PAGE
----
'Serial fraudster' scammed women out of cash with fake online profile, says N.S. judge

·3 min read
Tyler Fairrae mined details of another man's social media profiles, including photos, in order to create a new persona.  (Manan Vatsyayana/AFP/Getty Images - image credit)
Tyler Fairrae mined details of another man's social media profiles, including photos, in order to create a new persona. (Manan Vatsyayana/AFP/Getty Images - image credit)

A Nova Scotia man who purported to be someone else on social media in order to befriend three women and swindle them out of thousands of dollars has been sentenced to 220 days in jail.

In a provincial court decision, Judge Ronda van der Hoek described Tyler Fairrae as a "serial fraudster whose actions are increasing in seriousness over time."

The decision said Fairrae, 26, stole details of another man's identity from social media profiles and used that new identity to connect with the three victims online in 2019.

Once Fairrae had established a level of trust with the women, the Annapolis Valley man told them he was stranded in Newfoundland and Labrador without access to his bank accounts.

"He asked the women to help him out of this untenable position by cashing a pay cheque or cheques and depositing the money into a specific bank account," said the decision released Tuesday.

"One woman later said she thought she was simply 'helping a new friend.'"

Women asked to deposit fraudulent cheques

Fairrae sent images of cheques to his victims, which the women were then able to deposit electronically into their own accounts before transferring the money to Fairrae's account. It wasn't long before their banks contacted the women to say the cheques had bounced.

According to the decision, one woman cashed more than 10 cheques over a week in May 2019 and lost over $5,000.

A second victim was initially reluctant to cash a $1,000 cheque from Fairrae until he threatened to report her to the police. She lost $1,000.

The third victim lost $772 when the cheque she deposited bounced.

Fairrae, who was arrested in November 2019, was on probation for previous offences when he passed the bad cheques. He pleaded guilty to fraud charges.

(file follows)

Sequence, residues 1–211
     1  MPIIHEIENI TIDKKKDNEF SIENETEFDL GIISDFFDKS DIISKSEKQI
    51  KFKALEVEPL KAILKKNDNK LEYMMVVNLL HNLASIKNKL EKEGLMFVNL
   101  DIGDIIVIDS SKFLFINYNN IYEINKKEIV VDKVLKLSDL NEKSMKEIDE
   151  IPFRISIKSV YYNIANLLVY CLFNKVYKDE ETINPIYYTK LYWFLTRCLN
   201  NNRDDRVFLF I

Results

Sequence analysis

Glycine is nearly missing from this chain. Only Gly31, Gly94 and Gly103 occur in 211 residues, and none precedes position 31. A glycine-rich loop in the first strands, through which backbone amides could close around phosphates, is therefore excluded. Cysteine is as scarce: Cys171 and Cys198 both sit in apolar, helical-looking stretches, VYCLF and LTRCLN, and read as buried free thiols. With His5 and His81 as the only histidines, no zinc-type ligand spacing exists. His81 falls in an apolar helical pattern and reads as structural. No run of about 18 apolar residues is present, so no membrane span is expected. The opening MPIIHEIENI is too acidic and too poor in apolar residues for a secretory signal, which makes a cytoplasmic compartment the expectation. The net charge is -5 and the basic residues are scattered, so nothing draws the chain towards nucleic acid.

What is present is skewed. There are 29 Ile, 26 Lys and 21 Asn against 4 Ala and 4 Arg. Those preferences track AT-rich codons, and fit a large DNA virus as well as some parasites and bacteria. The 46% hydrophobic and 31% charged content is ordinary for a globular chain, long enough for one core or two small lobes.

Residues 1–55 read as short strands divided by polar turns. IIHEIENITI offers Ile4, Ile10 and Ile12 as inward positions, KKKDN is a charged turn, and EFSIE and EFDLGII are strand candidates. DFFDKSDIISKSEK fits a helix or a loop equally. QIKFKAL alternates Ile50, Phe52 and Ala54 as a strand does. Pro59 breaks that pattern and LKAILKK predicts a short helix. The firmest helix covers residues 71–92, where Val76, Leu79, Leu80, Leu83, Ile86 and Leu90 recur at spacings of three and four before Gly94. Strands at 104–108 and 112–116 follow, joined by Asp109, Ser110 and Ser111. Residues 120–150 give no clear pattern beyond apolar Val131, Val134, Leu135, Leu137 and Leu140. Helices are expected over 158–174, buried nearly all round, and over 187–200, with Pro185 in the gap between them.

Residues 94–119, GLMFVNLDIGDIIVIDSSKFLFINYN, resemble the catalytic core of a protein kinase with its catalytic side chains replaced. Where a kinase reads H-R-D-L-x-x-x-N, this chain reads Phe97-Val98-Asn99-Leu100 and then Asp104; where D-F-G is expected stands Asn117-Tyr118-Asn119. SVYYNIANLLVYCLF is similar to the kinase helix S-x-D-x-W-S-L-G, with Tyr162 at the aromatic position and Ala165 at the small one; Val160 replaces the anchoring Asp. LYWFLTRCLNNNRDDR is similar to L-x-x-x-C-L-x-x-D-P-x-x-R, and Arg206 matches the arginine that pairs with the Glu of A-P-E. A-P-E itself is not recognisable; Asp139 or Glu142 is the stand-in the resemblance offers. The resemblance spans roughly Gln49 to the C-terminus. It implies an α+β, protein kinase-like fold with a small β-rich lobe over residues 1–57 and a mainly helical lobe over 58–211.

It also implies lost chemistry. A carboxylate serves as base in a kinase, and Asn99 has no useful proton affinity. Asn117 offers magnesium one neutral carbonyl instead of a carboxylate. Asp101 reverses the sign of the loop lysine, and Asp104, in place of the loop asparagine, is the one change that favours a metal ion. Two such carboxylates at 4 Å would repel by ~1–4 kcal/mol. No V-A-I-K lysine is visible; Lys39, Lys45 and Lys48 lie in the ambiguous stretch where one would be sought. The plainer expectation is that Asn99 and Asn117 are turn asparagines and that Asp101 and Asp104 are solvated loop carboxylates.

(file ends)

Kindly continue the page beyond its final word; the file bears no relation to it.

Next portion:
Fairrae remorseful for actions

According to the decision, Fairrae is remorseful and has accepted responsibility for his actions. It noted Fairrae's mental health issues and drug addiction are said to be contributing factors to his crimes.

The decision also said Fairrae, who is now sober, "is disgusted with himself and does not know how he can do these things."

"It must be an ongoing road to self-discovery because these things have been going on for some time," the judge's decision said.

Fairrae has several previous convictions, including fraud and uttering threats.

The Crown asked for an eight-month jail term, followed by 18 months probation. The defence was seeking a 12-month conditional sentence order.

In rendering the sentence, van der Hoek said she considered the impact of the offences on Fairrae's victims.

Impacts of 'well-orchestrated fraud' on victims

According to victim impact statements, one of his victims had to cash in an RRSP she'd been planning to use to buy a house in order to pay back the money from the bounced cheque. She's also facing tax implications from the missing money.

One victim sought counselling and said her hair fell out because of the financial stress.

"After considering and balancing the mitigating and the aggravating factors, I am left concluding Mr. Fairrae perpetrated a purposeful, well-orchestrated fraud on numerous victims that required time and attention on his part and a demonstrated lack of concern for his victims," the judge wrote in her decision.

In addition to the jail term, Fairrae will be placed on probation for 18 months. He's also been ordered to pay back the money he defrauded from the women.